Khartoum Central Station
We will start our ‘then & now’ review of the railway lines in Khartoum with a look at Central Station. …
Some very early images of Khartoum Central Station. Each image is embedded and links directly to the site from which it was sourced. …
Some modern images of Khartoum Central Station. …
These next images show the route of the line between Central Station and the Blue Nile Bridge. All the satellite images are extracts from Google Earth. The line runs Northeast towards the Blue Nile.
Blue Nile Bridge
Bahri Station (Khartoum North)
North towards Atbara
Bahri Railway Station (Khartoum North) was, in 2014, the terminus for the new Nile Train service. The service runs from Port Sudan to Khartoum by way of Atbara and is provided by four-car DMU trainsets. I have struggled to date to identify technical details for these units. They are supplied by Chinese manufacturers. The first sets arrived in 2014, further sets arrived in 2018. 
North of Bahri Railway Station the 3ft 6in gauge line travels North towards Atbara. Train speeds are low and the journey as far as Atbara takes about twice the time a bus needs to complete the journey, but trains are comfortable, safe, air-conditioned and cheaper than the buses. … “Every Nile Train service is almost full with an average passenger load of around 280. … Passenger Hannah Ali Mohammed, 35, said, ‘I think most people travelling between Khartoum and Atbara will stop using buses and change to this … train.’ … Student Ahmed Al-Haj Omer, 23, said … ‘It’s safer. There are a lot of bus accidents on the road between Khartoum and Atbara.’ … A bus ticket also costs about 50 per cent more than the £4 train trip.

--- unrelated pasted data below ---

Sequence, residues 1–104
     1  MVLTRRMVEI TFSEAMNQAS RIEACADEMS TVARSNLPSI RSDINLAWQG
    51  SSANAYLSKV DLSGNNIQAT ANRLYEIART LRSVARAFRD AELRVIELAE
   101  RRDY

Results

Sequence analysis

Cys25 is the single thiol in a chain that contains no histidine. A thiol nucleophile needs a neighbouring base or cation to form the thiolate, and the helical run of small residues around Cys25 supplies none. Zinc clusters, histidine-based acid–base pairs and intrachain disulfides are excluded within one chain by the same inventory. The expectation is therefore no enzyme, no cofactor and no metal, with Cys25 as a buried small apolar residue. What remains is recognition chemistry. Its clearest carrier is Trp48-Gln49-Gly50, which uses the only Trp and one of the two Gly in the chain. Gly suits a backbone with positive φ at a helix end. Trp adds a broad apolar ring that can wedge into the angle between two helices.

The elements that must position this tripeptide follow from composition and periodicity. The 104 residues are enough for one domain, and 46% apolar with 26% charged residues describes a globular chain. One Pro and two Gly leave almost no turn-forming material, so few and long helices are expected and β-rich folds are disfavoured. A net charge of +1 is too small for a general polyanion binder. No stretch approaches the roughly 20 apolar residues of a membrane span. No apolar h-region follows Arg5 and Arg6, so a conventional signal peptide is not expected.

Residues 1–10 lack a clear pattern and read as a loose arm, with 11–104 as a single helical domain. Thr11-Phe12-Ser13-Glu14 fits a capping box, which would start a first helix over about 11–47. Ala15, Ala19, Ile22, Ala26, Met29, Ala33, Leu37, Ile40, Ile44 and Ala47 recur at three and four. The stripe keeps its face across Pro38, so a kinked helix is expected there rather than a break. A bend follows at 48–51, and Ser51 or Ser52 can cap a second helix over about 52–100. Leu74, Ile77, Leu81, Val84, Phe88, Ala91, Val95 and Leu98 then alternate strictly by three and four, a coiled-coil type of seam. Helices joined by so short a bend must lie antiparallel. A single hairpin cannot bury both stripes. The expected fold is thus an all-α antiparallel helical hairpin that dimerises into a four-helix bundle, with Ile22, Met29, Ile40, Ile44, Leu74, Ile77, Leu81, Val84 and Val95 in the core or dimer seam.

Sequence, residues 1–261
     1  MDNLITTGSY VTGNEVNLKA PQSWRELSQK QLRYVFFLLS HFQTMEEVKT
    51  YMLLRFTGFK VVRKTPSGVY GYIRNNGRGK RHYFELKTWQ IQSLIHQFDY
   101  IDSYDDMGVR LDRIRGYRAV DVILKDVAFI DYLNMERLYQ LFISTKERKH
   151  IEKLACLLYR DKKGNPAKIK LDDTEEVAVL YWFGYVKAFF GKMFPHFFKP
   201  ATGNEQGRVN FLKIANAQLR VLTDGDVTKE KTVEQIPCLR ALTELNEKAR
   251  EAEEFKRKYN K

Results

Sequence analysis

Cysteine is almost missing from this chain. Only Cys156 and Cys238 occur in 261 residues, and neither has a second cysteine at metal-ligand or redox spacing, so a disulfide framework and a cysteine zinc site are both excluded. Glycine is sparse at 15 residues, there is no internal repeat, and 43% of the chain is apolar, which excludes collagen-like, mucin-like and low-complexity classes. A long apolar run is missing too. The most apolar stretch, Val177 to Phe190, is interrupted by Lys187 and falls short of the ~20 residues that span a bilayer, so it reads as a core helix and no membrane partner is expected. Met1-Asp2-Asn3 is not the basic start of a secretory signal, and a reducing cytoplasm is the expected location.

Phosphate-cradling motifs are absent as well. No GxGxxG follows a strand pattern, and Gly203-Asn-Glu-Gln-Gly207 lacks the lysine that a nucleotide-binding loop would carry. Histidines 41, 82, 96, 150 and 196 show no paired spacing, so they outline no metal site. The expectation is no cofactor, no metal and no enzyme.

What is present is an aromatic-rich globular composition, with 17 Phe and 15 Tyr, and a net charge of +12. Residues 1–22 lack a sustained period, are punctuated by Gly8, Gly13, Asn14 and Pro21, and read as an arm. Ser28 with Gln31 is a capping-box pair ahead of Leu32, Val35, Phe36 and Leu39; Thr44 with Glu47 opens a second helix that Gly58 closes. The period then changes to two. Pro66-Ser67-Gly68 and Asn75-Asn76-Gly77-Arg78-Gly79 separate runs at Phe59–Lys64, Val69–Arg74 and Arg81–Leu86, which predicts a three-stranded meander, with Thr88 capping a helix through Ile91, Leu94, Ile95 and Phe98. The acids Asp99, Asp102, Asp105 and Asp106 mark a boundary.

Further stations follow on the journey North. El-Gaili is the last before open desert. Further north the station buildings which remain are older, for example that at Ed Dowyab, as shown below.
Shendi is reached just a little further along the banks of the Nile.
Given that our focus is meant to be on the railways of Khartoum. it is at this point, just over 200km from Khartoum, that we leave the line heading North to Atbara.
Lines South from Khartoum Central Station
Historically there were junctions at either end of Khartoum Central Station. At the East End a line branched away to the Southeast following the West bank of the Blue Nile to Wadi Madani and beyond. The route of that line is shown below by a thin red line. In the 21st century, its route is beneath one of the main arterial roads into and out of Khartoum (Africa Street).